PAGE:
The Rate Set By AMC
Per allegations in the case, after Darabont signed his agreement, AMC unilaterally set the per episode license fee for the Series at 65% of production costs, with a cap of $1,450,000 per episode (subject to cumulative 5% season-to-season bumps). In contrast to a “negotiated license fee” (that is, a fee set via arm’s length negotiation), a fee between related companies is sometimes called an “imputed license fee”. When revenue participants claim that a deal between related entities shortchanges them, they often call such an arrangement a “sweetheart deal”.
The Expert’s Approach
The plaintiffs engaged economist James Dertouzos to examine whether the imputed license fee set by AMC reflects the fair market value of the Series. The expert framed his analysis with these questions:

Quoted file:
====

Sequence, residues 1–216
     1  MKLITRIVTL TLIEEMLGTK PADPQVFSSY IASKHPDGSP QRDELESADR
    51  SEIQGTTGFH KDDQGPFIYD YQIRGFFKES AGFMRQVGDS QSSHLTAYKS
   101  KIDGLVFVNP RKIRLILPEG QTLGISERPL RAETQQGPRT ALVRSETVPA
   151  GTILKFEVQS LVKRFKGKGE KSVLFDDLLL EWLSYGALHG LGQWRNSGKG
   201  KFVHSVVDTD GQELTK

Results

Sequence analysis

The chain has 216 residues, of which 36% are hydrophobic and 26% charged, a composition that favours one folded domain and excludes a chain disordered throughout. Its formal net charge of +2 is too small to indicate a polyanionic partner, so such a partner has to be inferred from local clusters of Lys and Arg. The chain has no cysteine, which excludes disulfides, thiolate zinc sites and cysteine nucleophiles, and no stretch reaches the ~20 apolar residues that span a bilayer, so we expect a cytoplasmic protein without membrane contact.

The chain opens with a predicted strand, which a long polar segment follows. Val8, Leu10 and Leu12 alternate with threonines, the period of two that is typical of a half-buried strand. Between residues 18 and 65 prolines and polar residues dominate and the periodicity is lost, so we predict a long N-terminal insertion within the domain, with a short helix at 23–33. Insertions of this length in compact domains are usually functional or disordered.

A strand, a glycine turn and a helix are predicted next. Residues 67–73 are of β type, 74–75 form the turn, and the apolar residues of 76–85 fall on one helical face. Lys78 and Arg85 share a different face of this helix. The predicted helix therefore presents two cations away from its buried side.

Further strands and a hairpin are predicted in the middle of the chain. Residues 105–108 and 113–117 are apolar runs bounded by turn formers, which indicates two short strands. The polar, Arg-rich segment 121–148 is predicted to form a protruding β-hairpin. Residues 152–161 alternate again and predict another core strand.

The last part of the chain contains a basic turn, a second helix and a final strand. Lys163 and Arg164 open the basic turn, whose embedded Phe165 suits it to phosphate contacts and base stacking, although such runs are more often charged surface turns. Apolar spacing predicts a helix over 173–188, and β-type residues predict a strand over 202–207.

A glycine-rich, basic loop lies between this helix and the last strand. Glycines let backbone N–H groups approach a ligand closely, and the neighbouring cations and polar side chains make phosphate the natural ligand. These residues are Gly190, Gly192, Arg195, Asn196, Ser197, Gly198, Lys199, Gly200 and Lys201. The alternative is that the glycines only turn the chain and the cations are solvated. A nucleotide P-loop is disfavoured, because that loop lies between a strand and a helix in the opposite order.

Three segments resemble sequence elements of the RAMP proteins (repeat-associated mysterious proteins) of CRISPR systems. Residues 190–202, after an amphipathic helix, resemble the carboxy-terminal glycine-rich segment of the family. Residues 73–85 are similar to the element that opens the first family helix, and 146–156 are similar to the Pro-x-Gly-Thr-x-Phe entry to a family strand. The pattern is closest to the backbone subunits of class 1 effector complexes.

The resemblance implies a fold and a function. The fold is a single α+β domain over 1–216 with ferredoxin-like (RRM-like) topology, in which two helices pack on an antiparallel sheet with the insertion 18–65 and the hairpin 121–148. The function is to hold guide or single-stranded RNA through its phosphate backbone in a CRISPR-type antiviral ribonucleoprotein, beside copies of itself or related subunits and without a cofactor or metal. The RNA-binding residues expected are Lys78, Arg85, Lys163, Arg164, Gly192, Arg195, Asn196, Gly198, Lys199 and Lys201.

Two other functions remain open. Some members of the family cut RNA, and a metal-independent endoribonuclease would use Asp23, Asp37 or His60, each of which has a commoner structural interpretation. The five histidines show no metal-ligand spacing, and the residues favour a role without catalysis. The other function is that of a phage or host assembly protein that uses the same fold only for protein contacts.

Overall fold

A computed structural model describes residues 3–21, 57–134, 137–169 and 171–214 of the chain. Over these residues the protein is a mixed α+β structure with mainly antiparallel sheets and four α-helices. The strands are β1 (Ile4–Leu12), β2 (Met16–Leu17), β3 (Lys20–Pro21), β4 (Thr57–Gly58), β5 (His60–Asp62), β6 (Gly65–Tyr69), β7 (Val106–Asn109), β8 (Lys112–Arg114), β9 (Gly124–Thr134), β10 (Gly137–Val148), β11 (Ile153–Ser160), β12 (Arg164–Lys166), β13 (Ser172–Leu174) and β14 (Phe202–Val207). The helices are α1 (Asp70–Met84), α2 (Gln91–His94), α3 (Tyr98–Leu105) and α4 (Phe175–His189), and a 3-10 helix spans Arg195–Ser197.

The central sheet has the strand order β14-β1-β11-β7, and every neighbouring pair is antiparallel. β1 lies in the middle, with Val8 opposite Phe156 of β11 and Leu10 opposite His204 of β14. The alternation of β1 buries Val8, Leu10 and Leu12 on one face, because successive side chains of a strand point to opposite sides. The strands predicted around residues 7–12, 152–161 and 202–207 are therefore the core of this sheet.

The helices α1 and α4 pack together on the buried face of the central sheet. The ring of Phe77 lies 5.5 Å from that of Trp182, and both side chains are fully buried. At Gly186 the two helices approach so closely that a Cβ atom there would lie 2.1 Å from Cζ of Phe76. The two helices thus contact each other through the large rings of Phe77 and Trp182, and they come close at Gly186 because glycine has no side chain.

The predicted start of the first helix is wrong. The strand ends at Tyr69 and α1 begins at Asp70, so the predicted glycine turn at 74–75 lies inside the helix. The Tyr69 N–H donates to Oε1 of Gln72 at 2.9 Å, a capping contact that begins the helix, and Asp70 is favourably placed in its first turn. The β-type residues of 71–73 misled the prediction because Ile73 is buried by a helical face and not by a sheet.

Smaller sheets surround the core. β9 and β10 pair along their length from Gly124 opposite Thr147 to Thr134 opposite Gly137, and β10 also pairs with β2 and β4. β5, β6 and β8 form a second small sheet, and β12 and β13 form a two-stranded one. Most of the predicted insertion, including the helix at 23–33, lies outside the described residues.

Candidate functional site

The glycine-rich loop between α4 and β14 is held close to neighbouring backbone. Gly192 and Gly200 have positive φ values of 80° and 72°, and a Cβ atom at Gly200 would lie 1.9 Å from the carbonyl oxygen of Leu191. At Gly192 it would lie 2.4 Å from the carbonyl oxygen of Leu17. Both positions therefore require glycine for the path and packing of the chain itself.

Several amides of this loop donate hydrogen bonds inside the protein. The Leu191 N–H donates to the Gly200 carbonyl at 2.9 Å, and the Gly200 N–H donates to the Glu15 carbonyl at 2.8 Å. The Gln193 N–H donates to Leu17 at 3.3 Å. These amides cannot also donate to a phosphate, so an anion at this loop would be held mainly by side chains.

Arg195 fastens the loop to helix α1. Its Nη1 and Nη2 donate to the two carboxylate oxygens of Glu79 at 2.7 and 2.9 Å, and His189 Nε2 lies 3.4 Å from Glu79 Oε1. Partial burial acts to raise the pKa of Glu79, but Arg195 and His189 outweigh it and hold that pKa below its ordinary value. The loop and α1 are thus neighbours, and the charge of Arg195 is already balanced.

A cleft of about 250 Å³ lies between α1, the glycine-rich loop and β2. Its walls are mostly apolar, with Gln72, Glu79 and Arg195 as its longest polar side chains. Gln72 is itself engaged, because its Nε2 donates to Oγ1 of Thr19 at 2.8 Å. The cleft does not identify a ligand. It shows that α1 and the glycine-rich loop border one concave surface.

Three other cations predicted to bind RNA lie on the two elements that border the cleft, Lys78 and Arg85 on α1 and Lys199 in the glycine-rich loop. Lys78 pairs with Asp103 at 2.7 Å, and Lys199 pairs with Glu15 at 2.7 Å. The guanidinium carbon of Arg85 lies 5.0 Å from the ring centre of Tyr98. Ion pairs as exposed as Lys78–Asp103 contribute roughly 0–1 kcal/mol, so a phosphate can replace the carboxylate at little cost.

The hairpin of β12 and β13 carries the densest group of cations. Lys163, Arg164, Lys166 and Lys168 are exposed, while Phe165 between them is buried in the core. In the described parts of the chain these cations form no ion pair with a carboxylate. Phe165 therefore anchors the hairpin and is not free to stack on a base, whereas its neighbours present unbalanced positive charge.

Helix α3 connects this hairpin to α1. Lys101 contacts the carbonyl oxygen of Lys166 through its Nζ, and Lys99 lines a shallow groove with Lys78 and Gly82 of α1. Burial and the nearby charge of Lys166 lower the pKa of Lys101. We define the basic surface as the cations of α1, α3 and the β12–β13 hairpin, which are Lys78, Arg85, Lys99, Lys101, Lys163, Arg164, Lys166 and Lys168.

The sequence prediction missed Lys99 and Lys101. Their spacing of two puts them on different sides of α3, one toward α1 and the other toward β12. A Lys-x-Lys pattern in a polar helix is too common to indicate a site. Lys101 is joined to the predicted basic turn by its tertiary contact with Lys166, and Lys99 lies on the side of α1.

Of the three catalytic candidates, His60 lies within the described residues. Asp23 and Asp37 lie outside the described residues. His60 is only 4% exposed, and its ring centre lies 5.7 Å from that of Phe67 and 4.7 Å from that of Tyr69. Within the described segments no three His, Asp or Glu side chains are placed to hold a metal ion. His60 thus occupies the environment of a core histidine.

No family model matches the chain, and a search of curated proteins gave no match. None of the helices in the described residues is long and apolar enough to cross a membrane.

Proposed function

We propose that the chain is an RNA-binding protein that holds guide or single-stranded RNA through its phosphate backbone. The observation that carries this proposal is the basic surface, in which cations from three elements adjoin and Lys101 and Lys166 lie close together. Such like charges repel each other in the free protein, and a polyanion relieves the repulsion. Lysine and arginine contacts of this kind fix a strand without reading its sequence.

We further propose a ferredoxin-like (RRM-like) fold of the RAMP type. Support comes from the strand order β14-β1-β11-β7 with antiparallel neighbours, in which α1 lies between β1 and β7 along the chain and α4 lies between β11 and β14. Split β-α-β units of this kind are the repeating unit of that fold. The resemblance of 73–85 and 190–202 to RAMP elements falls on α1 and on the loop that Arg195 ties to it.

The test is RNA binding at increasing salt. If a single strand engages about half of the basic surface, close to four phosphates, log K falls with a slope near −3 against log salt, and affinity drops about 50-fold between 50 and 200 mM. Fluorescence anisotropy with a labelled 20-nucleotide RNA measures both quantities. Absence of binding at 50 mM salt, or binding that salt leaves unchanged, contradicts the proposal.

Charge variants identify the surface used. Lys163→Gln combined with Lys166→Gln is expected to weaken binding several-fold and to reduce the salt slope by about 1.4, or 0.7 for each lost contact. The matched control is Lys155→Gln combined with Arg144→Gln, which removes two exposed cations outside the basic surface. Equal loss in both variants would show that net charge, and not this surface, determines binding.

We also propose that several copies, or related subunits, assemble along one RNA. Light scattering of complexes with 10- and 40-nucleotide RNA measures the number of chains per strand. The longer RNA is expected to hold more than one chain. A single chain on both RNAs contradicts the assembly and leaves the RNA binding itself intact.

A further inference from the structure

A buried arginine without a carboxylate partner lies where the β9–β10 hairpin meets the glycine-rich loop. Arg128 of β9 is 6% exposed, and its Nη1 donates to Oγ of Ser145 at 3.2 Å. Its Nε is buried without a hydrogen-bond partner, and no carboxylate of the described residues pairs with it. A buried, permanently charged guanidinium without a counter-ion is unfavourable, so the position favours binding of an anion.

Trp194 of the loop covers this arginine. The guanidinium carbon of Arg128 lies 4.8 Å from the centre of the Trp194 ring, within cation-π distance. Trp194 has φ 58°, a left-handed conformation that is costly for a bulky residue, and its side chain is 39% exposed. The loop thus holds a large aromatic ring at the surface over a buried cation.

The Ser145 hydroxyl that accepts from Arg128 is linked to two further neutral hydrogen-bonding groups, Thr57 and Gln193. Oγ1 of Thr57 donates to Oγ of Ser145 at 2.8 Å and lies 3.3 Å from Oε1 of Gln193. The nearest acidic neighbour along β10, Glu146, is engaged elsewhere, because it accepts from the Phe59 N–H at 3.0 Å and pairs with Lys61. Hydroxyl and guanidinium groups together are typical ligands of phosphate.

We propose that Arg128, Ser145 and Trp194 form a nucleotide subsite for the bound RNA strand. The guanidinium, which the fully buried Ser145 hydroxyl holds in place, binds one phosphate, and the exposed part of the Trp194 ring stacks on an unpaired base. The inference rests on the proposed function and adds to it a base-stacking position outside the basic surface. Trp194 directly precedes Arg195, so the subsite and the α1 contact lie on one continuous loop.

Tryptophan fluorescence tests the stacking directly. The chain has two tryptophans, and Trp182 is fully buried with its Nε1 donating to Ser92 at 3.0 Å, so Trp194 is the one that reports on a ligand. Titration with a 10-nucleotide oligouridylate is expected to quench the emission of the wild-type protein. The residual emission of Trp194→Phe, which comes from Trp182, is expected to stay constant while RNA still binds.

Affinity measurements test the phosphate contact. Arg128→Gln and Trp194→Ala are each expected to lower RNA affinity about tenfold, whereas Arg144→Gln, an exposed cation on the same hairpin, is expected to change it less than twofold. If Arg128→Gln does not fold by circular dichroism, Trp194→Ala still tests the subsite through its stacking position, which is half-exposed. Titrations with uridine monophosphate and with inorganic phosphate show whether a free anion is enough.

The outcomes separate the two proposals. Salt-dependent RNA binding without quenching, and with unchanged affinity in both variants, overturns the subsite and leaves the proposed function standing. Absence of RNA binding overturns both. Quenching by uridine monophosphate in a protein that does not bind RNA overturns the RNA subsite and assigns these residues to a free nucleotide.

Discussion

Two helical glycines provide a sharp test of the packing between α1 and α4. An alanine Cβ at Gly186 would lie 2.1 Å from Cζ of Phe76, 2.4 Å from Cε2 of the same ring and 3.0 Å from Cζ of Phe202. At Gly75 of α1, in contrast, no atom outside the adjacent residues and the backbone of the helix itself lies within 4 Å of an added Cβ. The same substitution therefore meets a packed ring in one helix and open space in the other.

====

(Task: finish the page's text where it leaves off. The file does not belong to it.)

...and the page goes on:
“What has AMC paid for ‘comparable’ programs in transactions with unaffiliated third parties?” The expert calls this path of investigation “Comparable Sales to AMC Network”.
“What have other networks paid to acquire successful programs in the past?” The expert calls this path “Comparable Sales to Other Networks”.
“What is the value of The Walking Dead to AMC”? The expert calls this the “Value Method” and analogizes it to the “income method” for valuing businesses.
Comparable Sales to AMC Network
Plaintiffs’ expert Dertouzos put forward these (and other) data points regarding comparable sales to AMC Network.
Comparable Sales to Other Networks
Plaintiffs’ expert Dertouzos put forward these (and other) data points re: comparable sales to networks other than AMC:
Based on other hour dramas in the marketplace (including megahit ER), the plaintiffs’ expert developed an imputed license value of more than $23 Million per episode for The Walking Dead. Plaintiff’s expert then opined that the $45 Million per game license fee for Thursday Night Football is consistent with that value for The Walking Dead. He got to this result as follows: